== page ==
The first ones off the line (like mine) had very basic \'millitary Jeep like\' setups. No p/s, no plastic interior trim, a/c or any of the sfformentioned stuff.. Gradually over time Power windows and mirrors, thermo fans, the\'black box\', softer rear leaf springs, power steering, 3 stage automatic shock absorbers, guard flares, sporty front seats, split rear seats, AC, plastic interior trim and other bells and whistles were introduced. The engine bay of an 89 model is barron in comarison to a 97. There was also an aniversary edition in 1995 that came out that had Alloy wheels and a colour coded roof. There was also a lot of Soft tops sold initially. Generally at least in Australia they where always Red (full soft top) and White (half soft top). I think the soft top models got phased out in about 92. Most flat Red Ferozas I think all started out as soft tops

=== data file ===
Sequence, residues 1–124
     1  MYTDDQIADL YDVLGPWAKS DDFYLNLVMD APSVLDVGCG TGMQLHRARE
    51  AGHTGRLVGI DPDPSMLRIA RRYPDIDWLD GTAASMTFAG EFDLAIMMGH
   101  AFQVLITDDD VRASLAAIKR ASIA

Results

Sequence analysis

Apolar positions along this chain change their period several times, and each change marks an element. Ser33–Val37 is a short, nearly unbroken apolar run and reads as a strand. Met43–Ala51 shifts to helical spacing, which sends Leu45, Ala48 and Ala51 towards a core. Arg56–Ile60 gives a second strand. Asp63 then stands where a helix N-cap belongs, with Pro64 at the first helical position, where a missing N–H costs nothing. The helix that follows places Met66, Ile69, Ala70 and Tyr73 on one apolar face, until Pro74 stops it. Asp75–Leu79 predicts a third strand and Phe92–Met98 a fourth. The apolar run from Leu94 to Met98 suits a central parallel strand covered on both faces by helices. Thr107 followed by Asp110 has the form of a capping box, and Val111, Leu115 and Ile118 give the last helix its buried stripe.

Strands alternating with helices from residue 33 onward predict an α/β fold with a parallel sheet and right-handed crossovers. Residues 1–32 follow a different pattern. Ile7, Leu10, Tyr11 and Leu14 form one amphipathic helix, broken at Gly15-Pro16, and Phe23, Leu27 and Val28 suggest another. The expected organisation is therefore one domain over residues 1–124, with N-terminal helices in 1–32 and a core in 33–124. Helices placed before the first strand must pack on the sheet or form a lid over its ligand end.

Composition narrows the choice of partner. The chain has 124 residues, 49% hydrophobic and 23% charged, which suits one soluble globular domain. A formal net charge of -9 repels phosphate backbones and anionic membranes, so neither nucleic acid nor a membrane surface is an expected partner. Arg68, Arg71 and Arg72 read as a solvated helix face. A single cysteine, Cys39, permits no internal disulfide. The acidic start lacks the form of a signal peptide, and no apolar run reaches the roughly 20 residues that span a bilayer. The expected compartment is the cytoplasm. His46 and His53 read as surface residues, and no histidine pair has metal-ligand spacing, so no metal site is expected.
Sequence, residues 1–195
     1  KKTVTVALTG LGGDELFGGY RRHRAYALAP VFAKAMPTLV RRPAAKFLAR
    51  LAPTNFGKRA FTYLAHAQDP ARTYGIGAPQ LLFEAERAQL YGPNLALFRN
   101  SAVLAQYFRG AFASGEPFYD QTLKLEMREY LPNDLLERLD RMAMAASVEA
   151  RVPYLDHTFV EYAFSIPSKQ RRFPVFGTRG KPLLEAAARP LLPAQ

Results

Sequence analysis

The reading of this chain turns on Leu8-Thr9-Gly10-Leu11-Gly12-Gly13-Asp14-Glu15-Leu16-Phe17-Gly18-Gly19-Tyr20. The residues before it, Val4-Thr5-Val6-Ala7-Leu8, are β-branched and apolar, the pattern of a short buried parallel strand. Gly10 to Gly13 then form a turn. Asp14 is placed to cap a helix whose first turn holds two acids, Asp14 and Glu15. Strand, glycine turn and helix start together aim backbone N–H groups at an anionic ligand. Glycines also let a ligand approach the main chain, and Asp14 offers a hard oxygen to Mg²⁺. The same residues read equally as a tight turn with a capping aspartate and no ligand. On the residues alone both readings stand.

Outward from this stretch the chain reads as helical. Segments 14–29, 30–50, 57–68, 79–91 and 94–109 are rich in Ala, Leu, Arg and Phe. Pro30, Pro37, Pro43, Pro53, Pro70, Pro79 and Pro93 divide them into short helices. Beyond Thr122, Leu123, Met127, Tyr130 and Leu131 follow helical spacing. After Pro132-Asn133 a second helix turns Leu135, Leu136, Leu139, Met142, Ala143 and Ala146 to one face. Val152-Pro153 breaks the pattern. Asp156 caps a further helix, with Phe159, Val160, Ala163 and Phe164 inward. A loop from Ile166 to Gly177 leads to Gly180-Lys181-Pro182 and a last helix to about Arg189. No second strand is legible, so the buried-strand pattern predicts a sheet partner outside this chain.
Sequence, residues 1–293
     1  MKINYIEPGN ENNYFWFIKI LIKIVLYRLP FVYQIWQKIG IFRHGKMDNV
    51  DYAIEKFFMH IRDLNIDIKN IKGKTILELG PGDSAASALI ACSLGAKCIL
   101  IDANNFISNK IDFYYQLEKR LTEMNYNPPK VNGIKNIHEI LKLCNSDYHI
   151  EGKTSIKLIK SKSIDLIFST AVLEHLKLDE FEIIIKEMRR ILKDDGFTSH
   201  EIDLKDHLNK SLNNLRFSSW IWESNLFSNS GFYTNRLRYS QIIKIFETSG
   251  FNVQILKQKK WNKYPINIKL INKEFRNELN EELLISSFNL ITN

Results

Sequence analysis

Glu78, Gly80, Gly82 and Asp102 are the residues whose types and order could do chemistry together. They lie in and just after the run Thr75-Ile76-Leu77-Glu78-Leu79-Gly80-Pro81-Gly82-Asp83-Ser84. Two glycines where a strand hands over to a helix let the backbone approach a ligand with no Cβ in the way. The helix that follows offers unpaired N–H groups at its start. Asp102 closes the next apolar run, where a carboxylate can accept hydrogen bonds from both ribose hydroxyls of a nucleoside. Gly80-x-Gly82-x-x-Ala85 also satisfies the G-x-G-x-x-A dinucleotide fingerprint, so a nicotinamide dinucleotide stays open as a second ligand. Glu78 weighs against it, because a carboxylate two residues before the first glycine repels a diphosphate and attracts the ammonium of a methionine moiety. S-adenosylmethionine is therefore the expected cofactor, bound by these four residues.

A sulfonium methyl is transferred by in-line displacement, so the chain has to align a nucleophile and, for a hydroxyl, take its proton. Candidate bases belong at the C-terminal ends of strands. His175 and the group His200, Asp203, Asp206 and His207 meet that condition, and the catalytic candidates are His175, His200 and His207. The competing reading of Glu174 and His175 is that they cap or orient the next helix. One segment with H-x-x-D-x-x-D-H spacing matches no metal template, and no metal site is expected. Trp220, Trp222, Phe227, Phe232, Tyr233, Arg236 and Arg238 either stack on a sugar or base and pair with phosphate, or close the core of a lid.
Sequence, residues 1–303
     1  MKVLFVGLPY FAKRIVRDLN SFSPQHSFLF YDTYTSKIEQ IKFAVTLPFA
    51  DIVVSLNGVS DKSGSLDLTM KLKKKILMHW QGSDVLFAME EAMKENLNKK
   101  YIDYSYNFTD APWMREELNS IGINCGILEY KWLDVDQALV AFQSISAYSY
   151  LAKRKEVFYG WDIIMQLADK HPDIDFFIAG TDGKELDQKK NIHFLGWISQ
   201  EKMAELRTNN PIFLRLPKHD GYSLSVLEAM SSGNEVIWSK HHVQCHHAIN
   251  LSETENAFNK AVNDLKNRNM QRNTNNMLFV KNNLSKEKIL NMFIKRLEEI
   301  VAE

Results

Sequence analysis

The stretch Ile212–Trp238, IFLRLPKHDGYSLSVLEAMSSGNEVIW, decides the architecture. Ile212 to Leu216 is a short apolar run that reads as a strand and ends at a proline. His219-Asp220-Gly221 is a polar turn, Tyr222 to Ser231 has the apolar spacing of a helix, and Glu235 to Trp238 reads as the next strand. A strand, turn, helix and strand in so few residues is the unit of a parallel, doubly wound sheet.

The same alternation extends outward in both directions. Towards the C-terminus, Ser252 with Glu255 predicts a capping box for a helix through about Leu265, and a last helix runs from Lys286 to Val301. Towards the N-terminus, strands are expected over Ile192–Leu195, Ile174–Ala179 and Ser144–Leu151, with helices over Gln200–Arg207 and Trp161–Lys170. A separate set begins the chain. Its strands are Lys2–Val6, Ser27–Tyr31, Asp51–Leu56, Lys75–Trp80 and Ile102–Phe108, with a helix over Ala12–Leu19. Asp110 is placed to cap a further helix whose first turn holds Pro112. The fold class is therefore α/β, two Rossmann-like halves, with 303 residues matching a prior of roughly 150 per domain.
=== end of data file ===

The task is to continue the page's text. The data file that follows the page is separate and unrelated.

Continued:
Ripped from another site. Interchangeability of parts. this was written by the guy with that mental blue feroza ute thing in the pictures sector

Rear axle assembly is different but centres interchange.
Chassis is different - later is belled out in front of firewall ( bad thing that\'s where they bend.... )

Front suspension / brakes ( variations ) are interchangable
Steering drag link is different
Engine is interchangable
Gearbox/Transfer interchanges.
Driveshafts are longer on widetrack, but actual CV\'s are identical and can be swapped to narrow track axles.

Body trim levels may be different but bits will swap as required.... eg power windows will fit into early doors etc etc.....

Guards and flares will swap over as will bumpers / tail lights.

All in all most bits will be useable if you need them.

more of the same thing. same guy, differant context

I can\'t resist.....

This is what my research on the actual differences between a narrow and wide track are....

1/ Chassis rails are wider at the front - note the suspension is exactly the same.

2/ The front drive & steering is different to make up for the extra width.